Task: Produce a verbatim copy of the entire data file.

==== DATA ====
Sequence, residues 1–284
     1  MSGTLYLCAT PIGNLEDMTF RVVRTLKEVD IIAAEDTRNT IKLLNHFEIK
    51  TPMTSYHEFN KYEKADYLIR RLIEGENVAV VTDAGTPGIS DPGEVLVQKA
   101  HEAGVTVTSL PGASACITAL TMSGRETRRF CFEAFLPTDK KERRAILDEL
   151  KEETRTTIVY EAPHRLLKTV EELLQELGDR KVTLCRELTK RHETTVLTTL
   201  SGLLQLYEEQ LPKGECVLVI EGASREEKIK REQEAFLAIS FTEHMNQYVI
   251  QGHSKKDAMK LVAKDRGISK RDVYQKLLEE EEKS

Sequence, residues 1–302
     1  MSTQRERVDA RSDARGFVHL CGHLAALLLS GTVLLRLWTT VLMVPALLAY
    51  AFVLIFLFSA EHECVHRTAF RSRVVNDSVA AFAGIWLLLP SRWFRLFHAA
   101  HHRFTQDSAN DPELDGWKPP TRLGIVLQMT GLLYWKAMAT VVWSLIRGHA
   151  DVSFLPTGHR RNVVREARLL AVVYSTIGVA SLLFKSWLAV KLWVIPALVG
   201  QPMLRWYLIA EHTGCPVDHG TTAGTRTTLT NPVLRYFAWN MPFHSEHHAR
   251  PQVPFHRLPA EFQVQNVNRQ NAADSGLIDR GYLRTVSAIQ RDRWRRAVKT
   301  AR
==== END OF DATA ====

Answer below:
Sequence, residues 1–284
     1  MSGTLYLCAT PIGNLEDMTF RVVRTLKEVD IIAAEDTRNT IKLLNHFEIK
    51  TPMTSYHEFN KYEKADYLIR RLIEGENVAV VTDAGTPGIS DPGEVLVQKA
   101  HEAGVTVTSL PGASACITAL TMSGRETRRF CFEAFLPTDK KERRAILDEL
   151  KEETRTTIVY EAPHRLLKTV EELLQELGDR KVTLCRELTK RHETTVLTTL
   201  SGLLQLYEEQ LPKGECVLVI EGASREEKIK REQEAFLAIS FTEHMNQYVI
   251  QGHSKKDAMK LVAKDRGISK RDVYQKLLEE EEKS

Sequence, residues 1–302
     1  MSTQRERVDA RSDARGFVHL CGHLAALLLS GTVLLRLWTT VLMVPALLAY
    51  AFVLIFLFSA EHECVHRTAF RSRVVNDSVA AFAGIWLLLP SRWFRLFHAA
   101  HHRFTQDSAN DPELDGWKPP TRLGIVLQMT GLLYWKAMAT VVWSLIRGHA
   151  DVSFLPTGHR RNVVREARLL AVVYSTIGVA SLLFKSWLAV KLWVIPALVG
   201  QPMLRWYLIA EHTGCPVDHG TTAGTRTTLT NPVLRYFAWN MPFHSEHHAR
   251  PQVPFHRLPA EFQVQNVNRQ NAADSGLIDR GYLRTVSAIQ RDRWRRAVKT
   301  AR